Doctor Who had a fresh way of ensuring survival: having the lead character, The Doctor, with the ability to regenerate, experiencing a complete physical change, this could allow a different actor to continue where the former actor leaves off. A certain flexibility also existed, where the actor could add his own interpretations of the Doctor's nuances and foibles, script rigidity notwithstanding. Since 1963, eight actors have played the role of the Doctor, until its end in 1996, with the shortest tenure being held by Paul McGann, who was cast only for the TV Movie in 1996. Some of the players have received much praise, such as Tom Baker, the infamous "Fourth Doctor" whose tenure was the longest, eight years. Others have endured criticism, such as Peter Davison (The Fifth Doctor) and Colin Baker (The Sixth Doctor).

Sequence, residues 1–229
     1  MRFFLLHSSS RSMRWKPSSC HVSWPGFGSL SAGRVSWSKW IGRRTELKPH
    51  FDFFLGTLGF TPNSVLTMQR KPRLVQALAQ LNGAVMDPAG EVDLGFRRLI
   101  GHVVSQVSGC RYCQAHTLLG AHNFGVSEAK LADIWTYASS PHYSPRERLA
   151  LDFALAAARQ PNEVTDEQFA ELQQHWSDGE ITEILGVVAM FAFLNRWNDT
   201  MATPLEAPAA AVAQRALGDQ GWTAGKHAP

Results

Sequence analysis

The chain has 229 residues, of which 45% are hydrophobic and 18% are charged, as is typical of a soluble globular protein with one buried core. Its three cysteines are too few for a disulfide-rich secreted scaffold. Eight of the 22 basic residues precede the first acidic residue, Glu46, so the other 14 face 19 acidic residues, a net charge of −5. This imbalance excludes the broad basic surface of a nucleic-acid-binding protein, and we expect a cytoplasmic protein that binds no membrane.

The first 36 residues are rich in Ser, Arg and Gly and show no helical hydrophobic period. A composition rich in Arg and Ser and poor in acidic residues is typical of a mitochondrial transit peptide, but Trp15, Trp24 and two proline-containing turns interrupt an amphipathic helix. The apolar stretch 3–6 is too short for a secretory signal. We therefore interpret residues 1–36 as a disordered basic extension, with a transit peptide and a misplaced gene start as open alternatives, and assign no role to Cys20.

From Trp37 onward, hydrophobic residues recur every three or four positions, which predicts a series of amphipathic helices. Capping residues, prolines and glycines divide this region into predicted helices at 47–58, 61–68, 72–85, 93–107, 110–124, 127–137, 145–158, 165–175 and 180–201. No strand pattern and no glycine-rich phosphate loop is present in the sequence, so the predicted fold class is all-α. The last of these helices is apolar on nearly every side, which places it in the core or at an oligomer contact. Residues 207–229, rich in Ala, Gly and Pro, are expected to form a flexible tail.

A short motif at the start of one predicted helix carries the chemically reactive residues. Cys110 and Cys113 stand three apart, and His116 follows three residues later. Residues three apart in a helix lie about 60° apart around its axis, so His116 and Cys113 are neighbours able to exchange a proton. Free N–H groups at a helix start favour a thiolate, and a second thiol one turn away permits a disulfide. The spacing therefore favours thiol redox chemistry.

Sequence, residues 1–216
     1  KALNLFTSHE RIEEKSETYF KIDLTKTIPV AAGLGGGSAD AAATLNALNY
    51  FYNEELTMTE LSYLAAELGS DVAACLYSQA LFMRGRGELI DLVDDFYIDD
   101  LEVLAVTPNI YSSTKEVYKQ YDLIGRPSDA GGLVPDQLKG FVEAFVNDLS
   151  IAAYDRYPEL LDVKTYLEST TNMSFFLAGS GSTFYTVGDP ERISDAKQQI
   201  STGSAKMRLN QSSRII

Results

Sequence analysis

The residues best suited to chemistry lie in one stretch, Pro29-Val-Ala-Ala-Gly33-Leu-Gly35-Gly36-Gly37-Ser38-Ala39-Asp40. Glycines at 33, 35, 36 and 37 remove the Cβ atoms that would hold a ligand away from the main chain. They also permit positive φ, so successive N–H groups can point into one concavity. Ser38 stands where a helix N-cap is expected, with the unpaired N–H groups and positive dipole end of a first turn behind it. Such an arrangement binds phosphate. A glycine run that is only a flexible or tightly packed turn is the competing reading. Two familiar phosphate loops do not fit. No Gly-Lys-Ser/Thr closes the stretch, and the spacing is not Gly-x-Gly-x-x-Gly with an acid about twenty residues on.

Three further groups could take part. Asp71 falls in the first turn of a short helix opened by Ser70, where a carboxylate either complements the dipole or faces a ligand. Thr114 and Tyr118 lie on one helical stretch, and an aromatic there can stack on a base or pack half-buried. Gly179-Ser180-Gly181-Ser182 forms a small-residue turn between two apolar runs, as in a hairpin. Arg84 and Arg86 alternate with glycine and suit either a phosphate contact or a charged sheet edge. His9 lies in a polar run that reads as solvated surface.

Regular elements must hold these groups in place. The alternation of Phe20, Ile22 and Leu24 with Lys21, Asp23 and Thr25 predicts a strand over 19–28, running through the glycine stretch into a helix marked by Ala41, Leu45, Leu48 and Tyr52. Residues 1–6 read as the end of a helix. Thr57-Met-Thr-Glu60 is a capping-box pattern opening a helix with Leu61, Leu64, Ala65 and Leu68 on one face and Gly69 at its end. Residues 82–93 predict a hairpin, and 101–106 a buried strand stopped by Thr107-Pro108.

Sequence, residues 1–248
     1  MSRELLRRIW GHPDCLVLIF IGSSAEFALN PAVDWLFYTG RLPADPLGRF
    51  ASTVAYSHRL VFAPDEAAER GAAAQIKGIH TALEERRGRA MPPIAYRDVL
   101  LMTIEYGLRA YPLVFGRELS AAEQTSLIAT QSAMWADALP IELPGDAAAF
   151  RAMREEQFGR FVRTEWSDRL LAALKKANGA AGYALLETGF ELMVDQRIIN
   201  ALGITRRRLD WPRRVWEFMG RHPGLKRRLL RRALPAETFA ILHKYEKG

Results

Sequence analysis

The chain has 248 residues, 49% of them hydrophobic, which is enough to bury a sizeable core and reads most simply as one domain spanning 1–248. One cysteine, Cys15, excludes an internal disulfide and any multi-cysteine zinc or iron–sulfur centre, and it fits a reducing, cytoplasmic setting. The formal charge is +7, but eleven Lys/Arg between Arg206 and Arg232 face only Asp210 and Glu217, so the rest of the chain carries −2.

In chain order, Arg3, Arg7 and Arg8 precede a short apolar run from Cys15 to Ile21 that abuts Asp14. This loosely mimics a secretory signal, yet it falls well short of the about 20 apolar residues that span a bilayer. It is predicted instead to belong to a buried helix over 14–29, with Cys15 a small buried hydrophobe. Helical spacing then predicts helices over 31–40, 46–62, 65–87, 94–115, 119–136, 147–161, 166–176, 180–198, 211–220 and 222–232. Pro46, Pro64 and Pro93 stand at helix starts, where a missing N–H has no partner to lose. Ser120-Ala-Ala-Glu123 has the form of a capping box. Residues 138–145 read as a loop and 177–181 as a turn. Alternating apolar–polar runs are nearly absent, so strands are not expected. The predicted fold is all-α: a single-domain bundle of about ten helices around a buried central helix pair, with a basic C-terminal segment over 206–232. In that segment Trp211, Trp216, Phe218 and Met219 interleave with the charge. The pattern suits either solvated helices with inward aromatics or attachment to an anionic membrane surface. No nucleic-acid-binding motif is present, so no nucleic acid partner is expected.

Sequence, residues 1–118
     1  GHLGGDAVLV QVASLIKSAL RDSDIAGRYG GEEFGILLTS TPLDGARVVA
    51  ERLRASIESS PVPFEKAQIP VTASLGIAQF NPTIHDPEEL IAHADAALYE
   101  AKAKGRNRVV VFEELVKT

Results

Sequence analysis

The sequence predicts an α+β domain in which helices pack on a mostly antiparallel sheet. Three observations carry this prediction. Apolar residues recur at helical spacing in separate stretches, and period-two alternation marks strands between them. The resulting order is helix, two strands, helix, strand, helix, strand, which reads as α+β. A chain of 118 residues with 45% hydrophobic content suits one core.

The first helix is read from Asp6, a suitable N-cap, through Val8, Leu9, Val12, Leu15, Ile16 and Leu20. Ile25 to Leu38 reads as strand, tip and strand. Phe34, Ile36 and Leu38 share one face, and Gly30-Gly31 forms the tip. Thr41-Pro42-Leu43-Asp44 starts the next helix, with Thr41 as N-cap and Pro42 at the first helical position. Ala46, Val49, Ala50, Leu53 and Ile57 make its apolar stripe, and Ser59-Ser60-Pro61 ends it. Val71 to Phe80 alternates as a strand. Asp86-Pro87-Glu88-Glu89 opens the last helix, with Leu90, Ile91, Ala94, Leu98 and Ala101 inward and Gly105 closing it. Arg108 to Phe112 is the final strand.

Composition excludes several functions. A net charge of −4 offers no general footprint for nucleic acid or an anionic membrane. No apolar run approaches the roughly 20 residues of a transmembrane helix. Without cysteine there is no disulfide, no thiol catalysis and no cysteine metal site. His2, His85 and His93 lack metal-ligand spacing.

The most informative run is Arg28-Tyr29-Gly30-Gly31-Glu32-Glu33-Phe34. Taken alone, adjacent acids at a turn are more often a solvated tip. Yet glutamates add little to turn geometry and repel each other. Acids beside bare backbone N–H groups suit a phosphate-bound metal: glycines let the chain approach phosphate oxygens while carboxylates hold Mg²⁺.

Lay the blame wherever you like for why the show had weaknesses; over the course of 26 contiguous years, every aspect of the making of the show would be bound to be at fault at one time or another. Of particular note would probably be the production values, as the BBC had only decided to shell out the big bucks for epic production technology in the past ten to fifteen years, so the early years of Doctor Who, especially in the early 1980s, looked cheesy. Still, the show has amassed millions of fans worldwide and fandom did not waiver during those dark years following the show's end. Doctor Who lives!